Hundreds of New Jersey high school girls recently participated in a national competition designed to introduce them to the fields of cyber security and technology.

The Girls Go CyberStart challenge is a program sponsored by the SANS institute that’s designed to give high school girls an opportunity to learn cyber security skills, discover their talents and explore possible career paths.

Mike Geraghty, director of the New Jersey Cyber Security and Communications Integration Cell and chief security officer for the New Jersey Office of Homeland Security and Preparedness, said the Cyber Start completion was an online challenge that involved games and puzzles.

“They were required to do computer forensics, solve lots of puzzles, cyber-security type puzzles, decrypt and encrypt information, do some coding and a whole bunch of other things that are relevant to what we do on a regular basis," he said.

Nationally, 6,700 girls from 2,700 teams competed in CyberStart, including 453 girls from the Garden State.

“The girls in New Jersey did fantastic. In fact, the team from Bergen County Academies came in third place nationally and several other teams from the Garden state placed within the top 100 nationally,” said Geraghty.

Anoushka Ramkumar, who was on the Bergen County Academies team, said learning about cyber security was fascinating.

“A lot of the challenges were intuitive and a lot of the challenges had solutions that were close to what were on the field manual, but as the levels got higher, it was a lot harder to solve a challenge," she said.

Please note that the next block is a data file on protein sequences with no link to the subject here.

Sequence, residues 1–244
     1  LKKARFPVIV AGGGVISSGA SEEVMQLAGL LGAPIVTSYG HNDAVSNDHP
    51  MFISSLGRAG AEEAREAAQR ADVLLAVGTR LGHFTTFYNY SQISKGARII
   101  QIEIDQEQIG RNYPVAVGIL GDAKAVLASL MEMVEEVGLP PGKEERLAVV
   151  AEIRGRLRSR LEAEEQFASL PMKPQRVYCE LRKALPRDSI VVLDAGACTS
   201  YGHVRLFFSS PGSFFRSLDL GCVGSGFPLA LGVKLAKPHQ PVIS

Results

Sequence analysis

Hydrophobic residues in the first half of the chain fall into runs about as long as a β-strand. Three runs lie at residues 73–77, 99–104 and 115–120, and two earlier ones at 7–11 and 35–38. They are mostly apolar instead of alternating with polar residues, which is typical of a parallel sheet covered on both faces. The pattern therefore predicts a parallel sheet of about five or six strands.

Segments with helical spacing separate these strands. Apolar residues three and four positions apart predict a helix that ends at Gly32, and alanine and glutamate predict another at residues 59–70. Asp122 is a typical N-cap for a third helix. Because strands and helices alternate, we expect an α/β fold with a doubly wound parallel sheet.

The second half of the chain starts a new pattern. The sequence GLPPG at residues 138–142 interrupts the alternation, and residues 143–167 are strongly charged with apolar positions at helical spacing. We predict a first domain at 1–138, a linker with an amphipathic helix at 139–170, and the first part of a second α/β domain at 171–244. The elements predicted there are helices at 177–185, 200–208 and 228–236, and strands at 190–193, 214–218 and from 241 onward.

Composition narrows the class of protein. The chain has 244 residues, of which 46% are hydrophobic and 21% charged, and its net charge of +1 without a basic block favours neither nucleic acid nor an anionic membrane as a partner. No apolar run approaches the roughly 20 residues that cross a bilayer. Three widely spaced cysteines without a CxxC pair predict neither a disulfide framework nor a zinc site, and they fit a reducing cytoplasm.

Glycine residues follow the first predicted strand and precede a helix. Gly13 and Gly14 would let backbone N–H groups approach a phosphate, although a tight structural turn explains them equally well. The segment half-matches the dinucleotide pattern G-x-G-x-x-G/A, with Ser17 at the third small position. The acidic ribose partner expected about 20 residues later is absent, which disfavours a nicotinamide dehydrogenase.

She said cyber security is a perfect field for young women because “girls love to work together and girls really love to channel their energy and time if they’re really interested in it.”

Ramkumar added she is interested in learning more about cyber security as a possible career because “with the combination of collaboration and hard work you can really get somewhere.”

Sarah McNey, who was on the Communications High School team from Wall, said the experience was cool.

“It started off very intuitive and something would click and you would solve a problem, but then as you progress through it, it became very difficult and it took a lot of research and piecing things together," she said.

She said after participating in the challenge, she is also considering cyber security as a possible career.

“I’ve been checking out colleges and seeing if they’re good for computer science and things of that nature.”

Geraghty said cyber security is a vitally important field that has tremendous growth potential.

“In every home we have smart thermostats, we have Alexa, smart TVs — cyber security is part and parcel of living today," he said.

“It’s not something just for the nerds and the geeks. It’s for everybody to be aware of and everybody to have an understanding of.”

He said the program will be expanded in the coming months to include even more high school students in New Jersey.

You can contact reporter David Matthau at

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